How does a kite become stable? To provide stable flight, the kite must have some
aerodynamic shape that can equalize opposing forces: lift vs. gravity, roll/pitch/yaw,
and lift + drag vs. line tension.
Lift vs. Gravity
Explain to your students that all objects exert gravity
on each other. The earth just happens to be the
largest and closest. Explain that kites generate lift to
counteract the force of gravity and find an
There is an important relationship between the area
of the sail and the weight of the kite. A large boat
can carry hundreds of passengers but a small boat
will sink if there are as many passengers as the large boat. The same is true for kites.
The kite must be light enough to float on the current of air.
Classroom Demonstration: You can show your class that "gravity is always in effect"
by dropping an object. The object will fall toward the nearest massive object, the
A longer tail will often help to stabilize a kite by adding drag below the kite without
adding much weight. The tail will help keep the kite pointed into the wind.
Classroom Demonstration: Fly a kite that requires a tail and successively shorten the
tail until the kite becomes unstable.
In geometry, an angle formed by two planes is called the "dihedral." On kites, it is the
bow or "V" shape of the kite. The typical dihedral angle is about 30 degrees, or 15
degrees on each side. The dihedral gives the kite roll stability. When a kite with a
dihedral rolls left or right, the wind exerts greater force on the side flattest to the wind
therefore pushing it back into equilibrium. This gives roll stability and yaw stability.
Roll vs. Pitch vs. Yaw
Roll - When a kite twists, flutters, or rolls, it is usually caused
by a kite that is not symmetric. Make sure left and right are the
same size and that the bridle or tow point are in the center.
Pitch - The angle that a kite is tilted into the wind is also
called the pitch or "angle of attack." This can be adjusted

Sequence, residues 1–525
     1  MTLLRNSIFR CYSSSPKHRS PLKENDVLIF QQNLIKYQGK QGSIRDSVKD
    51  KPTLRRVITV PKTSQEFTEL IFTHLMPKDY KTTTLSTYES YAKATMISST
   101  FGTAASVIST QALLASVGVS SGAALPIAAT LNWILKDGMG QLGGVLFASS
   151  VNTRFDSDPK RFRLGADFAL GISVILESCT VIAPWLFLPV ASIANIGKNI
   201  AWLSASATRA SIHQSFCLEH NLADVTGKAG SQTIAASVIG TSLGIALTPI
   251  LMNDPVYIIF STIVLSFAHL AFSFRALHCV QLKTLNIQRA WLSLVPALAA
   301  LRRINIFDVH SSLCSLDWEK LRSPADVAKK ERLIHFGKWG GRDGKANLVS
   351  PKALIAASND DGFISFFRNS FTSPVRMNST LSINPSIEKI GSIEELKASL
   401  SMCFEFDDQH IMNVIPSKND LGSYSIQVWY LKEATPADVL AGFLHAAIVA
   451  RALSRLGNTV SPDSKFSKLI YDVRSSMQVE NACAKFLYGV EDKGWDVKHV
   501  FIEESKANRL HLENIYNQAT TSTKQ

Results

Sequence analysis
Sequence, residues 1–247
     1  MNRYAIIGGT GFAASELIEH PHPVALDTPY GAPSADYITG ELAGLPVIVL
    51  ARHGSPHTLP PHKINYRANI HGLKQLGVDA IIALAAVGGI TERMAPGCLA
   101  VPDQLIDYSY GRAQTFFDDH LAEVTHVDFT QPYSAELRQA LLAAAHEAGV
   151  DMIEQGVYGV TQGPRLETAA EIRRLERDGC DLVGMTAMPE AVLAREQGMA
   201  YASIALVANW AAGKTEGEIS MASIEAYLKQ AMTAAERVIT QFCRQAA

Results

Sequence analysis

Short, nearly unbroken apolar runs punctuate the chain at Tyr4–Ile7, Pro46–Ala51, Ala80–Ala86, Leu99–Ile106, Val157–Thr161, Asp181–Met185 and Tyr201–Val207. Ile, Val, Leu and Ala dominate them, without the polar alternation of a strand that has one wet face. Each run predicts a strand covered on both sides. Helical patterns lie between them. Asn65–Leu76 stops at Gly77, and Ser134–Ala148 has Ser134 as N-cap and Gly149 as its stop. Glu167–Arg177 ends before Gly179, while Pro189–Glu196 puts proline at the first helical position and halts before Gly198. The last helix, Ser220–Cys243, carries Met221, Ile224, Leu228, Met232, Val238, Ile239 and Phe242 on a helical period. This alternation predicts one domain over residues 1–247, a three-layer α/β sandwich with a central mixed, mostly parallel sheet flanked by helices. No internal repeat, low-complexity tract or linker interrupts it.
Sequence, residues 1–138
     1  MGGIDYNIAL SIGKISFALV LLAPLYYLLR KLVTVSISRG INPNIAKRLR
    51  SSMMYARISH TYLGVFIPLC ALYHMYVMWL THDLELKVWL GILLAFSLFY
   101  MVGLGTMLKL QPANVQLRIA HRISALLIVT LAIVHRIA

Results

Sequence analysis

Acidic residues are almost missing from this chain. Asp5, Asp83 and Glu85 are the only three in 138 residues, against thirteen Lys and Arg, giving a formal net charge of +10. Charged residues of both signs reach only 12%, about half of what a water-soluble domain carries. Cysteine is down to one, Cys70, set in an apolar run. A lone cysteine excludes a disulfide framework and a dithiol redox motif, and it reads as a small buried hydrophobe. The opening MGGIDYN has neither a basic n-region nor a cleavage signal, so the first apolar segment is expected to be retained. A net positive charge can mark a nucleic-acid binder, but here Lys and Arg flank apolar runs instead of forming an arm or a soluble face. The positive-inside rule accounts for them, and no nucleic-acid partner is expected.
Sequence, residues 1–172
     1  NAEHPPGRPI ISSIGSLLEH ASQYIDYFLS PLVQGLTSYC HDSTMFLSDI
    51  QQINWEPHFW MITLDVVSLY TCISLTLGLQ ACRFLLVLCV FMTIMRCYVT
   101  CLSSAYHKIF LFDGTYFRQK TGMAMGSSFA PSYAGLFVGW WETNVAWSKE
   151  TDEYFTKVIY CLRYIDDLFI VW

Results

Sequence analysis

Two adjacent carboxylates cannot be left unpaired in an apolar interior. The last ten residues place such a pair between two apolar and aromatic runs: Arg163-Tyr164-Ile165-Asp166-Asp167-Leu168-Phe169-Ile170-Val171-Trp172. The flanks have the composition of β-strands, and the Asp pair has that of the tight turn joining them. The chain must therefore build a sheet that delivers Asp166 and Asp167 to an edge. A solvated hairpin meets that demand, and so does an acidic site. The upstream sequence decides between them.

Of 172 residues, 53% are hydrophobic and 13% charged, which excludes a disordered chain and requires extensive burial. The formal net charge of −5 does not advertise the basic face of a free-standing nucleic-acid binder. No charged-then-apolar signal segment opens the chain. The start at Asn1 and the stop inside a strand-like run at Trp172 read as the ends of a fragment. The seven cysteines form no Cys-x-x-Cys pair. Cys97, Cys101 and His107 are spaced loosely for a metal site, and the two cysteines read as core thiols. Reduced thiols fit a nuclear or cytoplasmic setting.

by moving the tow point up or down on the bridle. The lift
generated by the kite is related to the pitch and the sail
area. In light winds the kite should be adjusted to have a
large angle of attack and in strong winds the angle of
attack should be reduced.
Yaw - If the kite turns or spins left or right, lengthen the tail
to add drag or bow the kite to increase the dihedral.
1. Wind exerts equal force
on both sides (top view)
2. One side tilts, giving more
pressure on that side
3. Forced back to
Dihedral angle
W i n d W i n d W i n d
Kites can be used to teach mathematics at every level of education from preschool to graduate school.
Here is a sample of activities to try in your classroom:
Calculate the altitude of a kite given the length of the line and the angle
of elevation.
altitude = string_length * cosine( angle_of_elevation )
Calculate the area of a kite. This can be easy or difficult based on the shape of
the kite. The kite can be divided into triangles or rectangles so their areas can
calculated easier.
area = sum of parts
Aspect Ratio
Compare the aspect ratio of different kites, even kites with the same
area can have different aspect ratios. An example of this is turning a
rectangular kite on its side. The aspect ratio is the comparison of the
height to the width of a kite.
aspect_ratio = height / width
Convert measurements from English to Metric or Metric to English.
1 foot = .3048 meters
1 inch = 2.54 centimeters
Estimate the cost of the kite based on the amount of materials needed.
Doubling the size of a kite gives four times the area.
High Aspect
Measure the size of the various parts of a kite using English and Metric
Sail Loading
Sail loading is a ratio of the weight of a kite to the size of the kite (area). This
tells us how well the kite will fly in light winds. You may wish to calculate the
sail loading for a variety of kites. Calculate the sail loading for a single kite, then
add heavy tape such as duct tape. Next, recalculate the said loading and try to
fly it.
sail_load = weight / area
Change the size of a kite with all pieces scaling proportionately. Use ratios.
width/height = WIDTH/HEIGHT
Discuss symmetry and geometry using kites. Most kites are symmetric across the
spine of the kite.
Time and Motion
How much wind moves over your kite if the wind is a steady 12 mph and you
walk into the wind at 3 mph? What about walking away from the wind at
1 Ounce
When to fly
If conditions are right, kites can be flown at any time of the year. Observe the wind